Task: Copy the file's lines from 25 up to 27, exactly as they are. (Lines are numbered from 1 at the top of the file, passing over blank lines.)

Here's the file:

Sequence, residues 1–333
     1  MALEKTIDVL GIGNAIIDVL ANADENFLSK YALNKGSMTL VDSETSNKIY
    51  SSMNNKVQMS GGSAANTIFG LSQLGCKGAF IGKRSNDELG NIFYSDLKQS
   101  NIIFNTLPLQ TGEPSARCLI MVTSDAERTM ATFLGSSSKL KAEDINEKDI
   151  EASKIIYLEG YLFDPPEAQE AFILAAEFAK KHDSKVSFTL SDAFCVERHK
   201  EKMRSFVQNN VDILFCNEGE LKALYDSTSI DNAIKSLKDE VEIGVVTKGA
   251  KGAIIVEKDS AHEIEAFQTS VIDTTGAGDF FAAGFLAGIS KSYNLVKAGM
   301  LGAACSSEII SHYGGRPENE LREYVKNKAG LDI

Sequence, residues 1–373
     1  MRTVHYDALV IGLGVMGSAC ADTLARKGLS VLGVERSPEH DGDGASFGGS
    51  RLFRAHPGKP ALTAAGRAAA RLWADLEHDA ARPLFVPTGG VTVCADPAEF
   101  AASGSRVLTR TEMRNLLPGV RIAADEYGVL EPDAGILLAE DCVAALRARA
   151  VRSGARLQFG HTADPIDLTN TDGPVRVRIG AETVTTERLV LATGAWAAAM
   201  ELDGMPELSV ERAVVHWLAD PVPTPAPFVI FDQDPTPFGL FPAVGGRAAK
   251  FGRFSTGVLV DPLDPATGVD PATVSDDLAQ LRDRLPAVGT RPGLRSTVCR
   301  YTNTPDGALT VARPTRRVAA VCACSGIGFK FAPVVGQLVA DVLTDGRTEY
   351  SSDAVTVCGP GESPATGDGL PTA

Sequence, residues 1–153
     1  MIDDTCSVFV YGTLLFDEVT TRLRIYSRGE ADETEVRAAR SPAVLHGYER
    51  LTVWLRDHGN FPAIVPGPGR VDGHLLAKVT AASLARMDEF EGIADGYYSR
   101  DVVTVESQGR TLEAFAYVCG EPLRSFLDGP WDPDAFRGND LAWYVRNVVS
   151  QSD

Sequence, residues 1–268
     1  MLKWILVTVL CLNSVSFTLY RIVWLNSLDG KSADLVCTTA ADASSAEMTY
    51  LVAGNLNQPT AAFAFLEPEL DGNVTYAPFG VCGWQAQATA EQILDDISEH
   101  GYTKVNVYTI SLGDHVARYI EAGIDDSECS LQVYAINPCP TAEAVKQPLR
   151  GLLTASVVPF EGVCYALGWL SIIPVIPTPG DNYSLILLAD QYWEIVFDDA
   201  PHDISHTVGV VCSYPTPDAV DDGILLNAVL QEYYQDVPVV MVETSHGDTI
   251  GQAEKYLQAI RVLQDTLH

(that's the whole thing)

    51  LVAGNLNQPT AAFAFLEPEL DGNVTYAPFG VCGWQAQATA EQILDDISEH
   101  GYTKVNVYTI SLGDHVARYI EAGIDDSECS LQVYAINPCP TAEAVKQPLR
   151  GLLTASVVPF EGVCYALGWL SIIPVIPTPG DNYSLILLAD QYWEIVFDDA